The Spectator

Barometer | 2 June 2012

Imperial diamond

This week’s diamond jubilee celebrations will be hard-pressed to outdo those of Queen Victoria’s in 1897.

— A diamond jubilee was supposed to be a 75th anniversary, but it was brought forward by the government as an excuse for a mass celebration aimed at promoting British trade.

— On 22 June, the Queen was conveyed in a carriage along a six-mile route ending at St Paul’s, where an open air service was held so she did not have to disembark.

— Six million were estimated to have watched the procession. For 400,000 of them, however, it was not necessarily just patriotism that spurred them to attend: they were plied with free ale and pipe tobacco supplied by grocer Sir Thomas Lipton.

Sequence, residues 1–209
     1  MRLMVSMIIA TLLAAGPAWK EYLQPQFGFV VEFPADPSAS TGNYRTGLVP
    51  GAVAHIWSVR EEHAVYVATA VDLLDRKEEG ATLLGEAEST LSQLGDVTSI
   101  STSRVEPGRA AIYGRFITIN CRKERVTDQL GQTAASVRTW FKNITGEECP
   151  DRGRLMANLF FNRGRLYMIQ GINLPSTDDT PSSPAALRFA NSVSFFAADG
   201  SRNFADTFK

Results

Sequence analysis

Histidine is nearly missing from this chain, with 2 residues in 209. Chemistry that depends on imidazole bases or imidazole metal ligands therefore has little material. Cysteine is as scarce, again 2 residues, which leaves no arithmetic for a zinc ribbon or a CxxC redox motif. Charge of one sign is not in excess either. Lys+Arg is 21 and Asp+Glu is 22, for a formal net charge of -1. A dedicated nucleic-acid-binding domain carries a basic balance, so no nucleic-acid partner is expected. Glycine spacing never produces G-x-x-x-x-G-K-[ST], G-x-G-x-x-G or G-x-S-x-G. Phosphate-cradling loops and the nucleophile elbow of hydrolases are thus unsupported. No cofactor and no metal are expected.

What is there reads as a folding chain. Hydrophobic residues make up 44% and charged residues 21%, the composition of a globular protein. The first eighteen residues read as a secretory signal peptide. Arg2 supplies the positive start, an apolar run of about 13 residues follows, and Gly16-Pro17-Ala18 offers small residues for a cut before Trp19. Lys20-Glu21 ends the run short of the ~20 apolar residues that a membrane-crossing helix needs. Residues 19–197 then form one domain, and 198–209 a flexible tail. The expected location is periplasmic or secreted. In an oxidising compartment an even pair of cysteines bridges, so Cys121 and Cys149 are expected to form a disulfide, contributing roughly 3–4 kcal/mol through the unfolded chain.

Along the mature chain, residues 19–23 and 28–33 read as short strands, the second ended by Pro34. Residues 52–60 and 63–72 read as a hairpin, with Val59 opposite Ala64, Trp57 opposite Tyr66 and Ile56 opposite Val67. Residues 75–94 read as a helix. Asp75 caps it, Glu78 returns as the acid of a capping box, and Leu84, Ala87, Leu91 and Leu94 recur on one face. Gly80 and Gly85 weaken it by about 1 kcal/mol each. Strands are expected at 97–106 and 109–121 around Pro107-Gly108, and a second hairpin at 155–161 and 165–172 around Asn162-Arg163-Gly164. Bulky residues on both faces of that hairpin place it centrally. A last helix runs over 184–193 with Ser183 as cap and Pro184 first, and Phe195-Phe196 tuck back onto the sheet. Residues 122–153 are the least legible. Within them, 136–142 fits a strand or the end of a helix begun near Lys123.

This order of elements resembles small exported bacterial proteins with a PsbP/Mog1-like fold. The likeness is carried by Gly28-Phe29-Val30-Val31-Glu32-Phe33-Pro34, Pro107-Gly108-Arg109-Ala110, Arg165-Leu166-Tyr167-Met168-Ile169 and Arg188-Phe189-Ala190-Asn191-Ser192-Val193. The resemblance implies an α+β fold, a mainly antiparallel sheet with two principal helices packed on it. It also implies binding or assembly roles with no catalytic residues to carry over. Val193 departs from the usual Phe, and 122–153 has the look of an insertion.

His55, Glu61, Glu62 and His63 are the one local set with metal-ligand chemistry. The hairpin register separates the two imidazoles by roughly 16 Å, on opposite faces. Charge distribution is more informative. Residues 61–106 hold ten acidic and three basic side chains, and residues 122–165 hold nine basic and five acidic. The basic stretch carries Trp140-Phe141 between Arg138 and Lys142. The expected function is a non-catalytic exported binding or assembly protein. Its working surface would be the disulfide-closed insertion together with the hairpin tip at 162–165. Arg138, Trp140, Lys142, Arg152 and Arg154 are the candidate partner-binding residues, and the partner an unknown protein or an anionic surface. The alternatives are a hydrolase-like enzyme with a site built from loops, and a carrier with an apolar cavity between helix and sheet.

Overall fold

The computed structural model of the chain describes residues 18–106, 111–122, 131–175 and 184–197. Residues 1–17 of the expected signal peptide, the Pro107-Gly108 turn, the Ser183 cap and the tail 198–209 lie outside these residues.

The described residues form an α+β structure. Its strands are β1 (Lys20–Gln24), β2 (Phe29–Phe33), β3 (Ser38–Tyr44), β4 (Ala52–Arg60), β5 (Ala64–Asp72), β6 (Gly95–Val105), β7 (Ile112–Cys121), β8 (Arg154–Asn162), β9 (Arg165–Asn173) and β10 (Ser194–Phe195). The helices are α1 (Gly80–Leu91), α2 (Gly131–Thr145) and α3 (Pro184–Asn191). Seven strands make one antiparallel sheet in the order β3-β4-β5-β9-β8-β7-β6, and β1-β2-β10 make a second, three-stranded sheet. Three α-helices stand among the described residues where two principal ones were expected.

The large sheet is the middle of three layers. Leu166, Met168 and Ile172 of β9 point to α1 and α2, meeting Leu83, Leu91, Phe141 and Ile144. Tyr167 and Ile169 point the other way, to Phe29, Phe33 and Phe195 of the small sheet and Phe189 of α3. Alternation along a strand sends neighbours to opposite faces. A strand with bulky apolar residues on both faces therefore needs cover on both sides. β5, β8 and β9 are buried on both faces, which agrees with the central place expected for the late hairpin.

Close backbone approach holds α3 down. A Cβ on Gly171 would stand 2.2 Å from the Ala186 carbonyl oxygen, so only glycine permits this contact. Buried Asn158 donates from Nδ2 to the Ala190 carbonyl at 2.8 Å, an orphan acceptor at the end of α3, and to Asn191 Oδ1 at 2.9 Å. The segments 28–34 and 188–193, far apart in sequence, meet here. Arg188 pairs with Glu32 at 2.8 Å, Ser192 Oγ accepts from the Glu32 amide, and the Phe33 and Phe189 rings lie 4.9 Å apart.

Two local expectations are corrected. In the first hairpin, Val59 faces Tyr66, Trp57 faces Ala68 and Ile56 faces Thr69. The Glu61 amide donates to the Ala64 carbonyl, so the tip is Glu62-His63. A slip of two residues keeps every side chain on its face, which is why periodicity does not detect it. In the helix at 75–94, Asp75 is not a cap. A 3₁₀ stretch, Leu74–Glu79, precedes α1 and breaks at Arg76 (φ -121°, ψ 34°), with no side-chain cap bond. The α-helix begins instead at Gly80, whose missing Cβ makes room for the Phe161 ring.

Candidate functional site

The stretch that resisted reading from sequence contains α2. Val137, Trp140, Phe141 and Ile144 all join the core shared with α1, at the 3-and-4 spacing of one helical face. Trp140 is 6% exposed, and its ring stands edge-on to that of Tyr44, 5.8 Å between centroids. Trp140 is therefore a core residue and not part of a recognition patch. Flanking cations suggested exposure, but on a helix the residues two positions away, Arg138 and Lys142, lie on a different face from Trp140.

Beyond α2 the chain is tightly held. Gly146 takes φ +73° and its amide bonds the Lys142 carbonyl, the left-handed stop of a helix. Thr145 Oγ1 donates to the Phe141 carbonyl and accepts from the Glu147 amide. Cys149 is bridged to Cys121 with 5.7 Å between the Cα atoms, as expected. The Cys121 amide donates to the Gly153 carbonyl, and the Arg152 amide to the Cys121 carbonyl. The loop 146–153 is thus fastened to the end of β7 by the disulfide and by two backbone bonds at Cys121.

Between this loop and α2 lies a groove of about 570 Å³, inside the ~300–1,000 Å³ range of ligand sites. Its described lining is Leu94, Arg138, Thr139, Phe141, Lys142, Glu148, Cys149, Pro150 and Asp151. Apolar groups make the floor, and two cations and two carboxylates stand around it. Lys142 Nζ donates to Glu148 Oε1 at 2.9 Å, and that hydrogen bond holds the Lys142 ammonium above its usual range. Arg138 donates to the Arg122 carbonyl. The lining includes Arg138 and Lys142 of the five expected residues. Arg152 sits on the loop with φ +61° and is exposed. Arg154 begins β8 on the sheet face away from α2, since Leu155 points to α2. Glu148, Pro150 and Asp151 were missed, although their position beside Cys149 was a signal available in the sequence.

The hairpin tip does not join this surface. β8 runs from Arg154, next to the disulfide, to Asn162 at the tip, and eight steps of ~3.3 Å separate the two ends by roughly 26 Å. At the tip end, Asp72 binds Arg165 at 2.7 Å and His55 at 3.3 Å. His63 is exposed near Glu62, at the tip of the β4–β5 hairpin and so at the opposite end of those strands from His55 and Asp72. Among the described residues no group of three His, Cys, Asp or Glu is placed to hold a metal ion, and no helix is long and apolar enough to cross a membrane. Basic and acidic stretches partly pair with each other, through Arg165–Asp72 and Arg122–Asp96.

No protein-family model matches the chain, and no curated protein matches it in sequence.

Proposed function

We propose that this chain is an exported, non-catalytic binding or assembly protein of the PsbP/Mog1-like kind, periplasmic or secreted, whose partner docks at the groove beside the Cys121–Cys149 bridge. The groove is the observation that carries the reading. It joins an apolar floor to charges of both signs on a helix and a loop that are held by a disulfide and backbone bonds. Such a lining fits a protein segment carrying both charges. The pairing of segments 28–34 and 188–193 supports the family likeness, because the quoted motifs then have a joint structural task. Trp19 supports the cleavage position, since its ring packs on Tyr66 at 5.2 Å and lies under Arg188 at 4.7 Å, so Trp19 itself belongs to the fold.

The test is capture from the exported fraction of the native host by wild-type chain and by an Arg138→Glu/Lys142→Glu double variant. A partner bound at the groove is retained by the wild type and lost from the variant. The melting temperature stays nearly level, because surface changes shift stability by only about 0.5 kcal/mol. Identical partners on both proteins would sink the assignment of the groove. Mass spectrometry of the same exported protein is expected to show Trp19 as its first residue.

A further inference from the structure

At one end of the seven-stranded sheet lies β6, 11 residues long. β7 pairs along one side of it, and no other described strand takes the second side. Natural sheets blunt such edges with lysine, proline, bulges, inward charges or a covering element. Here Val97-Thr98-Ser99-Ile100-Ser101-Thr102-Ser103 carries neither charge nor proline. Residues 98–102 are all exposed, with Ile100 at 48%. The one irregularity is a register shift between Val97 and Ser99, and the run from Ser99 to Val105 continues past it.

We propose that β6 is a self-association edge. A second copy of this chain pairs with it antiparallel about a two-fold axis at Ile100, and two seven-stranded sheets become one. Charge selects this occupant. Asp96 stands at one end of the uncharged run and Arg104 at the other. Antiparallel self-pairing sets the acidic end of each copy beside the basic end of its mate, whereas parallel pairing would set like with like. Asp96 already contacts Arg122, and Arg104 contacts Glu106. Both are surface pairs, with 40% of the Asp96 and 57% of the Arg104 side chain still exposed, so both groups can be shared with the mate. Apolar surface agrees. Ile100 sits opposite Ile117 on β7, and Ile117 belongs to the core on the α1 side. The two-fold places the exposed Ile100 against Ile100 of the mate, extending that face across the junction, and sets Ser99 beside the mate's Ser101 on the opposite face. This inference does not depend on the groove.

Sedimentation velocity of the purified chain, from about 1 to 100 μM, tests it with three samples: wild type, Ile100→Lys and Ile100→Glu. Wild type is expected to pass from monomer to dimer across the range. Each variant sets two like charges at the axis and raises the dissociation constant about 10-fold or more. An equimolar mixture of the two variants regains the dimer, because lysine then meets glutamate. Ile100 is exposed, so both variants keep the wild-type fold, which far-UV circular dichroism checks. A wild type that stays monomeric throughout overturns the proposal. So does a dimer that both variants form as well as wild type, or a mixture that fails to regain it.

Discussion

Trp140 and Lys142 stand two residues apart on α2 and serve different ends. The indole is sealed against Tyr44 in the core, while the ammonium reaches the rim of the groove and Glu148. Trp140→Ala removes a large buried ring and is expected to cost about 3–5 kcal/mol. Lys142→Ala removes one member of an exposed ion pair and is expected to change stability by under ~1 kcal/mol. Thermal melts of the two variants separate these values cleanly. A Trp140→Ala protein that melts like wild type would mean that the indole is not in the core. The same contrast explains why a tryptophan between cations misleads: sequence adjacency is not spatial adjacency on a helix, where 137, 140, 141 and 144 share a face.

Royally satisfied

An Ipsos-Mori opinion poll suggested that 80 per cent of Britons want to keep the monarchy. How does that compare with other constitutional monarchies?

Denmark (Jylands Posten 2010) 82%
Netherlands (Maurice de Hond 2008) 70%
Norway (Dagbladet 2010) 67%
Spain (Instituto Opina/Cadena Ser) 65%
Sweden (FSI 2010; question was whether monarchy was ‘good’) 46%

Opening gambit

Some things opened by the Queen which have struggled to survive her reign:

1955 The Queen’s Building, Heathrow. It became Terminal 2, but closed in 2009 for redevelopment
1956 Calder Hall nuclear power station. Renamed Windscale and then Sellafield. Original power station closed 2003


QE2, the cruise liner. Withdrawn from service in 2008
1972 Runcorn City Shopping Centre.Went into receivership in 2009. Now in the process of redevelopment and known as Halton Lea Shopping Centre


Queen Elizabeth II Park Recreation Centre, Christchurch, New Zealand. Closed after earthquake damage, 2011

Silver memories

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